You live here. Doesn’t it bother you that most of your shopping dollars go out of the city and don’t come back as taxes to pay for our services? Wouldn’t you rather take a chance and know that at least this would keep us from having to raise YOUR taxes to pay for shortfalls in revenue, rising expenses and the loss of the $1.2 million in state support? If we don’t do this, we’ll never get ahead of where we are now.

    Have a good day, and thanks again for asking and getting involved in the discussion. It’s more than most have done.


  3. Dee Shedlow

    Jane -

    Thanks for your reply. You’ve certainly given me food for thought. I, like you, wish I had the necessary resources required to purchase the property, remove the golf course, and restore the land with native plantings, etc. Unfortunately, I don’t. I understand the pragmatic nature of your support for this project, and am grateful you answered my questions. I have linked to your blog post on my facebook page (having previously linked to the letter regarding Legacy Village). I hope we generate some discussion.


  4. Susan Miller

    “I invite thoughtful comments to this post. If you just want to repeat the “it should be a park” or “we don’t need more retail” arguments, please save your time and breath.”

    “save your breath”? Jane – I find this tone inappropriate. It doesn’t exactly invite. You invite in one sentence and rescind it in the next. You’re invited, but not if you disagree with me. Is that it?

    Then to Dee – “Have a good day, and thanks again for asking and getting involved in the discussion. It’s more than most have done.”

    “it’s more than most have done”? Really? I think the members of Severance Neighborhood Organization would find that remark offensive.

    May I please request a buffer of civility as we move forward in this discussion?

    Might I also suggest that we broaden the discussion to a regional level and a watershed/subwatershed level?

    And, could we please eat this “cow” one bite at a time? It is my opinion that the business owners/residents/taxpayers/voters deserve to better understand all the issues facing our community for the long term. We may need to slow down, back up and zoom out for a bit, so that we level the playing field between those of us with information and those like me who are still running to catch up.

  5. Jane

    Susan, I’m chastened as I deserve to be. You’re right, my choice of words was driven by frustration and emotion and I apologize.
    And yes, I am grateful to Dee and members of SNO who have been willing to hear and consider the circumstances in which we find ourselves relative to the economic landscape as well as the biological one. And to you, of course, for being a patient friend and counselor.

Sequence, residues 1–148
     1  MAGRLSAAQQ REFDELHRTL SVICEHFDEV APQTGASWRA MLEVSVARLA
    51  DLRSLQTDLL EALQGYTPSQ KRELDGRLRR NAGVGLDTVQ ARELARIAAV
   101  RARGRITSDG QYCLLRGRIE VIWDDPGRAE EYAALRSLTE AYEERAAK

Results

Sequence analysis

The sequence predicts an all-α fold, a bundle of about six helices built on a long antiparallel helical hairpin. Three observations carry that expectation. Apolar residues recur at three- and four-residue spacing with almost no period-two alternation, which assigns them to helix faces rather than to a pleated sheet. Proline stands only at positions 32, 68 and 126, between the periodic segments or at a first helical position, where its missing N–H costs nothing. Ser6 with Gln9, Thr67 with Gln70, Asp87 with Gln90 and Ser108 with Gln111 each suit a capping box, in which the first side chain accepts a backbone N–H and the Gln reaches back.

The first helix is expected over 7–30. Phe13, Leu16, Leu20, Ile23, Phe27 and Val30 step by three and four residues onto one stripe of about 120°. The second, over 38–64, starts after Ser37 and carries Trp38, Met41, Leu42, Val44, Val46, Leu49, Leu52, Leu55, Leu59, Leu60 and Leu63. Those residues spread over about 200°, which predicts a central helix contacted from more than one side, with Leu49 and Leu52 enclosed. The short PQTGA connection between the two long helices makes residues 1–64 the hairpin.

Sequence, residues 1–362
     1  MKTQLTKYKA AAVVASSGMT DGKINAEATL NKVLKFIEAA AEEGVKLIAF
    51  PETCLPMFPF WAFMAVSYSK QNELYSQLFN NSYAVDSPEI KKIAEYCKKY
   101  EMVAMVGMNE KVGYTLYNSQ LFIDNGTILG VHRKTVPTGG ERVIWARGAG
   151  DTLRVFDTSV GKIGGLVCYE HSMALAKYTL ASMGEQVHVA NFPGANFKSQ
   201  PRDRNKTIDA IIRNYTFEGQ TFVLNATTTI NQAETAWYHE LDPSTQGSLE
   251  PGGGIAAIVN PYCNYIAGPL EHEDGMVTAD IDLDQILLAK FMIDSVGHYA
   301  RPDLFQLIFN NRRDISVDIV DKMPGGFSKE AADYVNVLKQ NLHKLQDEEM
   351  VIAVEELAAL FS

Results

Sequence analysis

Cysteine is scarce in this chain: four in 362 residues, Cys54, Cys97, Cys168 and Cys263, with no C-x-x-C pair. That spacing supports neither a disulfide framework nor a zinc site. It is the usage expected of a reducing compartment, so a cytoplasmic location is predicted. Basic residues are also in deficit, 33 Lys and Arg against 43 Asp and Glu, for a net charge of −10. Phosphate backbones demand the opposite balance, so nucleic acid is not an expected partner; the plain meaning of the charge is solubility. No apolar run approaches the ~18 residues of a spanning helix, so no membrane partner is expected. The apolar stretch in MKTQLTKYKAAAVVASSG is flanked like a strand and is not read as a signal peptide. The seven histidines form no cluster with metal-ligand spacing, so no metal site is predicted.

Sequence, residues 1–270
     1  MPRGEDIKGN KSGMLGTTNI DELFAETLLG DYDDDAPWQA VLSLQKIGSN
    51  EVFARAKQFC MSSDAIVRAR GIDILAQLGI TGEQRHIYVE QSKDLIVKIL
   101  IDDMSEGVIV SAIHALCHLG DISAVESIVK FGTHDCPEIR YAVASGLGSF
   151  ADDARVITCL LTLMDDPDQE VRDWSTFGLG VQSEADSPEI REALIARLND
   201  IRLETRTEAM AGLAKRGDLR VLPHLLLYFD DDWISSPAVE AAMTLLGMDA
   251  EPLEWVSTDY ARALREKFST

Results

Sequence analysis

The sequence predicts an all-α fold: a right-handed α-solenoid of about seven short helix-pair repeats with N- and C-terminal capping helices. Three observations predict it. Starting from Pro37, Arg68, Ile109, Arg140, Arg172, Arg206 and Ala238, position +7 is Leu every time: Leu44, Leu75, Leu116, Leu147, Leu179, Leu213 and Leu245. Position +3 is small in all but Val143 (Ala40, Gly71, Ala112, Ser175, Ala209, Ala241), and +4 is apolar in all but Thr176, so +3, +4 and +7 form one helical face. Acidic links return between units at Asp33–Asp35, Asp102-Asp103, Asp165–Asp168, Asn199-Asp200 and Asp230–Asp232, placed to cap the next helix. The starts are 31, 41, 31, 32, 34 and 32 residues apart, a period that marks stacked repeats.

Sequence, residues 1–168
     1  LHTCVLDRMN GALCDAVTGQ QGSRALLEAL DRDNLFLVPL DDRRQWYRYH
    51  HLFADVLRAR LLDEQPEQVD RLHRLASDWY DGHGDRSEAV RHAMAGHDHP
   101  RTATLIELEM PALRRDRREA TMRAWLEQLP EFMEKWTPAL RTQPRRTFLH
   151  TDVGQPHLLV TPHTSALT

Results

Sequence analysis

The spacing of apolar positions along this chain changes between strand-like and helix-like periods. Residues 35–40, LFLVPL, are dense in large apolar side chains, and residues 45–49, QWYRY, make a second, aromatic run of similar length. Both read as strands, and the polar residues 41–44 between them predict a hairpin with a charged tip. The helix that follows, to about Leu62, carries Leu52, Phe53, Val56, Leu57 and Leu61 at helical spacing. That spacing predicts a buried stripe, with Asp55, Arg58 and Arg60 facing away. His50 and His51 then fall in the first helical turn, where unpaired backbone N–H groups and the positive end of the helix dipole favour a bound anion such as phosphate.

So many of the issues that enter into this decision making process are, as you say, not common knowledge, and as an educator I really should have done a better job of explaining them. I’ll try to be better.

    Yes, I hope this situation serves a larger cause, to get communities working on a watershed basis and a regional one. I think this is an important role that the new county government needs to play, as convener of these discussions. Since South Euclid is the city whose residents’ dollars all go to neighboring cities, whether it’s spent on shoes at Macy’s (UH) or a refrigerator at Home Depot (CH), it would be like a homeless person knocking on the rich guy’s door asking him to discuss sharing some of his wealth. So it would be great if Julian Rogers and Sunny Simon convened a discussion among the two district’s communities.

    Thanks and be well,

  6. Hank Drake

    Jane, thanks for your cogent and comprehensive post. Over the past week, I have done a lot of soul searching. I hope you don’t mind some comments on my part even though I live in Moe Romeo’s ward.

    My parents moved to South Euclid in 1971. Wiggam’s Farm was a short walk from our house. Everything we needed was a short drive: Richmond Mall, Hilltop Plaza, Chief’s Car Wash (where they cleaned the inside of your car, not just the exterior). Great schools: Anderson, Memorial, and Brush. Who could ask for anything more?

    Maybe I am being overly nostalgic when I remember the old days, and viewing things with rose-tinted glasses. Because not everything was great. South Euclid was still pretty segregated then – if not in law, certainly in fact. And the Saturday stench of vehicles on Monticello, Green, and Mayfield Roads (leaded gas back then) gave me constant headaches that made me dread the weekend. In some ways, things are better today.

    In any case, after living elsewhere, I made the choice in 2008 to move back to South Euclid. The primary reasons were price/value of housing, and the convenience to work, retail, and culture. For location and convenience, South Euclid can’t be beat. And allow me to be blunt: when I read comments at and elsewhere that disparage our community as going downhill and “ghetto”, I think that says more about the commenter than the community.

    You have correctly pointed out that much of the local retail is, in fact, across the border in UH and CH. I believe that many people think regionally when shopping, and I certainly think of the area between Severance and Golden Gate as one big shopping district. So, many of us forget that all South Euclid has for retail are some corner strip malls, and Mayfield Road – which is certainly mixed in quality.